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Discussion Starter #1
This is a quote taken from a rider on another forum ventureriders.org
I think it sheds more light on mounting issues with the new 2018 Goldwing.

“Goldwing Quality?
A good riding friend just called and told me that he broke down on the road yesterday with his brand new 2018 Goldwing (only 750 miles on the odometer). Had to be trucked into a shop where they found that one of the pistons was completely burned thru. Apparently they are contacting Honda to see if the warranty will cover replacing the engine or the entire bike.

I've always imagined that Goldwings were bullet-proof and good for lots of miles. Seems like any motorcycle with a base price of $24K ought to be pretty thoroughly checked out. Who knows, maybe he was just unlucky with a once-in-a-million problem.
zag”
 

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I got my wife to sit on the back of a Venture and a Goldwing with me this past weekend. We noticed that the Venture has a ton more room ( a ton more for a motorcycle ) than the wing. She loves the backseat of my old wing, but the new one puts her crotch over the backrest hole. So I would not be able to have a backrest while she was on the back. I know she is supposed to be my backrest, and if I had my way she would be. In 90 plus degree weather neither one of us wants to be cuddled up on the bike. LOL So another win for the Venture.
 

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Pistons burn thru like that when the cylinder is running very lean. With only 750 miles on the GW that is the perfect example of the "infant mortality" that I was talking about in another thread.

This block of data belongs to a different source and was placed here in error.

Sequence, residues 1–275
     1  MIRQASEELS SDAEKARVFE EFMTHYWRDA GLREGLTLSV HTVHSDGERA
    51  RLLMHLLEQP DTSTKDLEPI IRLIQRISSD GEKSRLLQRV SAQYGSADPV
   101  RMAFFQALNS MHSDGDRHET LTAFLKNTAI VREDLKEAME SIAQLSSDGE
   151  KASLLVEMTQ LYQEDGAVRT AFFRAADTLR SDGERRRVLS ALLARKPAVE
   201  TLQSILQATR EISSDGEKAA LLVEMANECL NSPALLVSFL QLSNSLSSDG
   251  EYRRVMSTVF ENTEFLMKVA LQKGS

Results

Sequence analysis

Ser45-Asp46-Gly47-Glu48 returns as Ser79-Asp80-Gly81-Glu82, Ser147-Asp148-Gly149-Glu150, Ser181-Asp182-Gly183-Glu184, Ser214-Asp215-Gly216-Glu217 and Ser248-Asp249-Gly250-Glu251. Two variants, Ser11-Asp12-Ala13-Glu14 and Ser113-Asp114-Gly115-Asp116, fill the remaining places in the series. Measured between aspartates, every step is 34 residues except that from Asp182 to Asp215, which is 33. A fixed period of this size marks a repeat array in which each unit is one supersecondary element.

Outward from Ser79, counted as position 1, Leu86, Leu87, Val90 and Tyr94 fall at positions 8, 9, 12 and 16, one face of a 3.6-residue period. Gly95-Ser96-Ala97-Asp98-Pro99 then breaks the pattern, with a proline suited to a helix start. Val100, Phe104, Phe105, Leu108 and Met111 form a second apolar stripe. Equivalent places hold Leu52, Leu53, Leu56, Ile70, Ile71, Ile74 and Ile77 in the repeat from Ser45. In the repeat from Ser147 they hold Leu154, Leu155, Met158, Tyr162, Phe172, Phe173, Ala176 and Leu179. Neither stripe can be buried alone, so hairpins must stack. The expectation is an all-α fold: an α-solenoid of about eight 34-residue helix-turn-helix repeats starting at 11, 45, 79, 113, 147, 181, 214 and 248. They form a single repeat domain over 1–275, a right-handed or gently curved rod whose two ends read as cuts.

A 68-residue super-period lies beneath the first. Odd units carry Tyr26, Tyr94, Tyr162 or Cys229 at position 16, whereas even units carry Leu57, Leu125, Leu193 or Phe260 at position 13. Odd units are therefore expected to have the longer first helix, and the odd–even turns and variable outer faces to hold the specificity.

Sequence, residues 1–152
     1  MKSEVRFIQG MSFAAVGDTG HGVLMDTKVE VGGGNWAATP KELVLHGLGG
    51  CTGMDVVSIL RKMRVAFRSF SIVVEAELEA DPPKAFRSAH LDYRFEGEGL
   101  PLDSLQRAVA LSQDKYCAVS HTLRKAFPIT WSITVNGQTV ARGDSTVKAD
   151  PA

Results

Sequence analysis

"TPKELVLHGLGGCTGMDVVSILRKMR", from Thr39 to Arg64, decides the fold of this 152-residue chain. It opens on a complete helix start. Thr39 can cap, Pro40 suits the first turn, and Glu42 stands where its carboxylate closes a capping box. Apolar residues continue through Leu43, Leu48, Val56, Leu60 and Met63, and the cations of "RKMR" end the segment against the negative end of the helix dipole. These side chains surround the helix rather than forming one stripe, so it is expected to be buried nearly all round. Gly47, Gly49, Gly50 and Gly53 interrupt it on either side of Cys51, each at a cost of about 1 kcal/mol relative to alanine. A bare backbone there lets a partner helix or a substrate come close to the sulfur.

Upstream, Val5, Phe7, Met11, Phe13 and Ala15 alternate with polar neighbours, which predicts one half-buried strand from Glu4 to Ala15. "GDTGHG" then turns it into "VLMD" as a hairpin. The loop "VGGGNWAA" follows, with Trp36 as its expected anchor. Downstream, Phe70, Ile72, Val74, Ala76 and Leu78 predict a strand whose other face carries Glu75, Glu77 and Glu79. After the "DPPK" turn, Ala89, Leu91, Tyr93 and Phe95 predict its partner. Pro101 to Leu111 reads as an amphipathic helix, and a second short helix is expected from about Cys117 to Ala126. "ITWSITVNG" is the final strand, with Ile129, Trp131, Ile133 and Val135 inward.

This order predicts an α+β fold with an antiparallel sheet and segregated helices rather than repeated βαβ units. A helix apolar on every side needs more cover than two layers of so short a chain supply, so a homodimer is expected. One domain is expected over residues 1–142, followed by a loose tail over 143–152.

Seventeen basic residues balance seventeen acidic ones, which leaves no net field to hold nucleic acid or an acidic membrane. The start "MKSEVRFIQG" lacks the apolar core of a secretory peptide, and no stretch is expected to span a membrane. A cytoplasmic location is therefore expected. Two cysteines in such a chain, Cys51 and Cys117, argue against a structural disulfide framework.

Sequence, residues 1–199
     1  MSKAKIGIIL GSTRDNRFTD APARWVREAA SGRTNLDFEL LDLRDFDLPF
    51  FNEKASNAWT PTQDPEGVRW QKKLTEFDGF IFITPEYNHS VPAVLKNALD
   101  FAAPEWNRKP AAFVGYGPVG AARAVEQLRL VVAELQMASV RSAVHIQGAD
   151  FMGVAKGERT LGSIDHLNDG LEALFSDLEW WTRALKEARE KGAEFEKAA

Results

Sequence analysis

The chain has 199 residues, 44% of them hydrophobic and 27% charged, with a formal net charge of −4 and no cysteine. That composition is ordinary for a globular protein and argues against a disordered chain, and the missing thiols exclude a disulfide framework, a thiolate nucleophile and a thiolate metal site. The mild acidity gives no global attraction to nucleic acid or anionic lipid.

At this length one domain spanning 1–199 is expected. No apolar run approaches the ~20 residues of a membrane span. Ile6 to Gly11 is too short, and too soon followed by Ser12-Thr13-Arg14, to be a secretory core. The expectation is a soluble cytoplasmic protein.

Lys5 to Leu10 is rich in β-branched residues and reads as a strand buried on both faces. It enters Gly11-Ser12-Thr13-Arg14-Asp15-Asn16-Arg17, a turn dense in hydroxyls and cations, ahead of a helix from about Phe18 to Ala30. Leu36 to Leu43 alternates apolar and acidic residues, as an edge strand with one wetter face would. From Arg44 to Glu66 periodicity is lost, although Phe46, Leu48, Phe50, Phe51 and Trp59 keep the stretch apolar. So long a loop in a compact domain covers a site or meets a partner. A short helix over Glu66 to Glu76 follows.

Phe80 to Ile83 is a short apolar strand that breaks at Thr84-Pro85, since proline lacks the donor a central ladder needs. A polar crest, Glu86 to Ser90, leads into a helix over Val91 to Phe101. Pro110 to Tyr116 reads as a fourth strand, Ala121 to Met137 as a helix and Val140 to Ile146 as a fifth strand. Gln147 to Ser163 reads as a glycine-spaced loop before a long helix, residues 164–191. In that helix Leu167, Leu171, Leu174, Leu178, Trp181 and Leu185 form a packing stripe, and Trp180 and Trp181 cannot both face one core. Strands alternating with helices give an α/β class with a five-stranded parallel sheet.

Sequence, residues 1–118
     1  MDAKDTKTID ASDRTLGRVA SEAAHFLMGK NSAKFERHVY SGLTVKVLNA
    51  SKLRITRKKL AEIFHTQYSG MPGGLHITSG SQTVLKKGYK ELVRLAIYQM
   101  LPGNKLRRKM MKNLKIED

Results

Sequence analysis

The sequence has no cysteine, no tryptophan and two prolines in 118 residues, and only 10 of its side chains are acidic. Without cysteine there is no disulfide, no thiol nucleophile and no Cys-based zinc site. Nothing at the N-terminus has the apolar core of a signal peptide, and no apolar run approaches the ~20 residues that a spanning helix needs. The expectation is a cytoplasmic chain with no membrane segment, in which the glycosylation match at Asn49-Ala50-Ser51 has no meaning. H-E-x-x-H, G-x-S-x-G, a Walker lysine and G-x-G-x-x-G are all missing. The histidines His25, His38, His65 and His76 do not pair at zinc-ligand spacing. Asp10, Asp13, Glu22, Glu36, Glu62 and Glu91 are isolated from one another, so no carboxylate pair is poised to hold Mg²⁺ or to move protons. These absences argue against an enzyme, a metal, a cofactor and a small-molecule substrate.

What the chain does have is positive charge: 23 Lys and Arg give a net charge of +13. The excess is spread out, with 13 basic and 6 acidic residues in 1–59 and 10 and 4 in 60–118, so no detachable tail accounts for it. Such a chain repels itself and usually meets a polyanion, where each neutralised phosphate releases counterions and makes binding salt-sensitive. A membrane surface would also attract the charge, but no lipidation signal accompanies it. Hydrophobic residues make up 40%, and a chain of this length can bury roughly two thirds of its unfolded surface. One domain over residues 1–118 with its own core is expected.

When something is manufactured the odds are if something is going to fail, or was not put together right, it will fail very early on. Most likely within the first hours of operation, then the first tens of hours then the first hundreds of hours, becoming less and less likely on an exponential curve. For a machine like a motorcycle, if you make it to the first regular service interval (4000 miles for example) then the odds of something failing after that are extremely low.

If it hasnt shaken loose or exposed some kind of material or fabrication error by then, its probably all good for the next 100,000 miles.

So something making a piston run very lean and burning thru in 750 miles is not unusual. A complex machine like a motorcycles has several thousand parts / pieces. It only take one screw or nut, or resistor or transistor in the ECM, one loose connection... to render the entire motorcycle un-usable.

Honda will be all over that engine. When one engine out of a thousand fails, that broken motor is worth its weight in gold to the engineers - because it is the only thing that can tell them what has gone wrong and needs further attention, testing, screening... to keep failures out of delivered motorcycles.

A good company learns from every failure that hits the streets. A crappy company keeps cranking out crap and never resolves the problems with the design and fabrication.

There is another aspect here: engineers must resist their human nature, when something fails on a customers bike like that, to fix it as quickly as possible and give him his bike back. Its more important to get their hands on that bike and figure out the cause of the failure, than it is to slap another piston in the bike and a new fuel injector and get it back to him the next day.
 

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Discussion Starter #4
Pistons burn thru like that when the cylinder is running very lean. With only 750 miles on the GW that is the perfect example of the "infant mortality" that I was talking about in another thread.